France’s prime minister, Élisabeth Borne, sat on a recent, rainy evening in a dim room at a Red Cross shelter, listening to young women recount their personal stories of poverty, fractured homes and schooling struggles.
She smiled reassuringly and asked piercing questions. But what she did not say was that she could relate.
Borne’s youth was full of trauma. Her father survived Auschwitz-Birkenau, the notorious Nazi camp where one million Jews were killed, and died by suicide when she was 11. He left behind a bankrupted business and a shell of a wife. His daughter was taken under the wing of the state and left home at 16.
Now, she is only the second woman ever to become France’s prime minister, serving as the right hand of President Emmanuel Macron and the public face of his unpopular plan to overhaul France’s pension system, which has drawn millions of people onto the streets to protest.
Borne’s painful past and remarkable trajectory would most likely be well-trodden terrain for an American politician — the nut of stump speeches and breakfast toasts. But Borne, 61, rarely mentions her own story, even in the women’s shelter where it would clearly be appropriate.
Some of that can be attributed to the fact that she governs a country where the separation between politicians’ public personas and private lives remains strong, and that before being plucked by Macron from relative obscurity last year to become prime minister, she had built a career as a hard-working and capable technocrat.
Only after her appointment did she run in her first election — for a seat in Parliament — where voters might have investigated her personal life.
But many of the details of her own story are new even to her — emerging only now on occasion as journalists unearth them, Borne acknowledged in a recent interview in her gold-trimmed office before setting off for the official visit to the shelter. Even her friends say she rarely talks about her traumatic past, so thoroughly has she buried it.
When she does raise it, it is not through the individualistic lens of perseverance through adversity, but a communal one of how she represents the French social safety net and meritocratic ideal.
“France is an extraordinary country,” she said between puffs on her ever-present electronic cigarette. “It’s something I really take to heart because while there is a lot of social determinism in French society, my experience shows you can succeed.”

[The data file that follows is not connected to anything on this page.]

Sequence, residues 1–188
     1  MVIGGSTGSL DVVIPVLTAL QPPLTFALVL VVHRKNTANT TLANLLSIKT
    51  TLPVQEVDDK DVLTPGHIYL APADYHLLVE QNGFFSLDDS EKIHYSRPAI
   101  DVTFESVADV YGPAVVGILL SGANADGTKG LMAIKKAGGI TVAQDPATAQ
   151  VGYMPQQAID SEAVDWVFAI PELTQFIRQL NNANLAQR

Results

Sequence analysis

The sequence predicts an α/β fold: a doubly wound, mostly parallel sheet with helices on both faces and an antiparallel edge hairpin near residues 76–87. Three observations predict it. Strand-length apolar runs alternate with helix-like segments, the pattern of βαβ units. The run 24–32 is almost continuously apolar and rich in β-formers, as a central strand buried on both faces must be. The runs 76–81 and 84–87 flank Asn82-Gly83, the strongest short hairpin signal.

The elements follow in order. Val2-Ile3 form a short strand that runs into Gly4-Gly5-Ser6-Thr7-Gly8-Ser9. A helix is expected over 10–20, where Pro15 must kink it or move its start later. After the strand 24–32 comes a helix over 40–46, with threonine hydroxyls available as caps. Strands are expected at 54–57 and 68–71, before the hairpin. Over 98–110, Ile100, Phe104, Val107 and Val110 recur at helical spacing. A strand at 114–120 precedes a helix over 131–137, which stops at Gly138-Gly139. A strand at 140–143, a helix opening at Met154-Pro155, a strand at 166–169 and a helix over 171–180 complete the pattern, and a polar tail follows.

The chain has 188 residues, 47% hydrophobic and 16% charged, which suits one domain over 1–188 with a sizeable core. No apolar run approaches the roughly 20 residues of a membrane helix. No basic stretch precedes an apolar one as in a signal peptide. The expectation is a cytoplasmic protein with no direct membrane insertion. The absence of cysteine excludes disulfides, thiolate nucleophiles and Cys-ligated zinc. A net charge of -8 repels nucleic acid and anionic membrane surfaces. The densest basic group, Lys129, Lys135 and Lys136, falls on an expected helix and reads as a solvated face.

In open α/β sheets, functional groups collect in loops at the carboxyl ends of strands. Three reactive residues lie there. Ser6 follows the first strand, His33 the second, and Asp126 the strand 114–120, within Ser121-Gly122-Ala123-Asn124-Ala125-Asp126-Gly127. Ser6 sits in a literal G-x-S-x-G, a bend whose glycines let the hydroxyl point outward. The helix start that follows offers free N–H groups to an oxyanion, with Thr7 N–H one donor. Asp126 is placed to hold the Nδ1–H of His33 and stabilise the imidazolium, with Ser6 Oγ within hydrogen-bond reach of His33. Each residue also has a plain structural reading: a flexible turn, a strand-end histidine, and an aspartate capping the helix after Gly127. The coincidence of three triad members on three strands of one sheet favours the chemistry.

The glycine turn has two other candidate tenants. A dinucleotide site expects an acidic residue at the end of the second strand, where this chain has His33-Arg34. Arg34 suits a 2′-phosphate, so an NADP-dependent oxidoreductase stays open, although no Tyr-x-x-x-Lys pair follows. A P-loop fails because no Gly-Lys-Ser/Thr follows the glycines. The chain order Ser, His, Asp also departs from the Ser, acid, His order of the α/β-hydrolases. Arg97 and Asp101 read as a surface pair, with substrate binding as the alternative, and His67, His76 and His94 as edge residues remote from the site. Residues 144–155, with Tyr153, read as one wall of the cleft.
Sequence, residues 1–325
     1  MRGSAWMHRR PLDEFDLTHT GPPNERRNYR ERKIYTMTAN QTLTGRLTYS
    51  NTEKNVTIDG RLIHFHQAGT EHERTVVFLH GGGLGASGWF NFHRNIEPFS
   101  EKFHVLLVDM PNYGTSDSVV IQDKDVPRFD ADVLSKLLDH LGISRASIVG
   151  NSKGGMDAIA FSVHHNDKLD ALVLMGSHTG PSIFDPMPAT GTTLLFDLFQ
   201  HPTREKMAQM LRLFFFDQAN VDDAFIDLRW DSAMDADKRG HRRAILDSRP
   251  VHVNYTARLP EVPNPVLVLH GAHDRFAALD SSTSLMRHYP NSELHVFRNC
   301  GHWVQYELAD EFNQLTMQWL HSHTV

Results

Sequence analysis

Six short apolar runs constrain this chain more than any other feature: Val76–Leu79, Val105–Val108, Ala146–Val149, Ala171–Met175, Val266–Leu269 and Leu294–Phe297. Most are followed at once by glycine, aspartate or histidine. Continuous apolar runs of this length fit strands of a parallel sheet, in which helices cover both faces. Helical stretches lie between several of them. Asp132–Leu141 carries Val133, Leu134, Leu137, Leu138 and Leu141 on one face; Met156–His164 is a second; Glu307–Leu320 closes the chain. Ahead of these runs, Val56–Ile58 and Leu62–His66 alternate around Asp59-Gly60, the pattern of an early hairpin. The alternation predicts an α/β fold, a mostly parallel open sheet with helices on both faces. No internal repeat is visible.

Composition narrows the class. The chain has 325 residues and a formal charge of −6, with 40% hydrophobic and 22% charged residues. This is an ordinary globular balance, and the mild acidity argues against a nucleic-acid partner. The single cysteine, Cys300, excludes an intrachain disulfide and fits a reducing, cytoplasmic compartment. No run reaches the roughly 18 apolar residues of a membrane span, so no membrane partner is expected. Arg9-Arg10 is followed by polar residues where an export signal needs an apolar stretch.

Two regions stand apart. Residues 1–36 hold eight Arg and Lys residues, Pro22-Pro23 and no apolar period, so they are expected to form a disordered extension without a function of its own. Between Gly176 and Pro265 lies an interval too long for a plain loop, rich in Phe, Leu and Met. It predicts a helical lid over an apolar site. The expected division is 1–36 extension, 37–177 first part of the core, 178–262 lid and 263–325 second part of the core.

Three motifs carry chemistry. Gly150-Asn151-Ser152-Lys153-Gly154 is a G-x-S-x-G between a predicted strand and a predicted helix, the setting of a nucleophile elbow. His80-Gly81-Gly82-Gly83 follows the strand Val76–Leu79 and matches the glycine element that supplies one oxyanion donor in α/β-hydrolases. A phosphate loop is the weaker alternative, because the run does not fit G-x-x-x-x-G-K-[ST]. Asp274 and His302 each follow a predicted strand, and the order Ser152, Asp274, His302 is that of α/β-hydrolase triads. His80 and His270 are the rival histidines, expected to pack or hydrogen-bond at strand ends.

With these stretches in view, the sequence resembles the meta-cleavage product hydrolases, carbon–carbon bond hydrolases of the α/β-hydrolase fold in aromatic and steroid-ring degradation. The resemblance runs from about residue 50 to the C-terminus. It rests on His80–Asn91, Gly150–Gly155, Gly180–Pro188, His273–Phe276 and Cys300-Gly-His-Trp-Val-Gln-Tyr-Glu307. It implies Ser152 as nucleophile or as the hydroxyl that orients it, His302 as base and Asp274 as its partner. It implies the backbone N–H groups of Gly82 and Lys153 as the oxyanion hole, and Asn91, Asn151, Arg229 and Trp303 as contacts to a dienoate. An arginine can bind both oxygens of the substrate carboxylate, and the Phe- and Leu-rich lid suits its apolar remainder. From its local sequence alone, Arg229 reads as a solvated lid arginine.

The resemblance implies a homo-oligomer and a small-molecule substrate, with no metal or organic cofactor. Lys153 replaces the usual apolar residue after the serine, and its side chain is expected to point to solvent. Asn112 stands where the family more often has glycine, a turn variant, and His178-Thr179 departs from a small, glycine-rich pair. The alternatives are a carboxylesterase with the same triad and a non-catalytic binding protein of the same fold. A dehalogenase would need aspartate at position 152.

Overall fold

In 2017, Mr. Macron chose Ms. Borne to be part of his cabinet, and she took charge of three successive ministries during his first five-year term.
France’s first female prime minister, Édith Cresson, faced virulent sexism when she held the job in the early 1990s. A politician once compared her to King Louis XV’s mistress, and lawmakers sometimes hollered for female ministers to strip, she said in an interview.
Thirty years later, Ms. Borne has faced subtle layers of sexism. After her nomination, French newspapers noted she rarely smiled, ate like a bird and worked her staff to the point they were “Borne out.”
“If a man is authoritarian and harsh, we say, ‘He’s a great leader,’” said Pascale Sourisse, Ms. Borne’s classmate at Polytechnique, now the director of international development at Thales, a large French company.
As prime minister, Ms. Borne has vowed to combat antisemitism with the same urgency as her predecessors. But, when introducing the government’s anti-discrimination plan, she made no mention of her family history. Mixing politics and her personal life, she said in the interview, felt inappropriate.
Still, after The Jerusalem Post named her the third most influential Jew in the world, Borne, who is not religious, said she was both amused and proud. While still reluctant to publicly discuss her past, she is at least getting used to being asked about it.
“It’s such an exemplary story,” said Florence Parly, a former defense minister who has known Borne since they worked together in the 1990s. “Her story can inspire others.”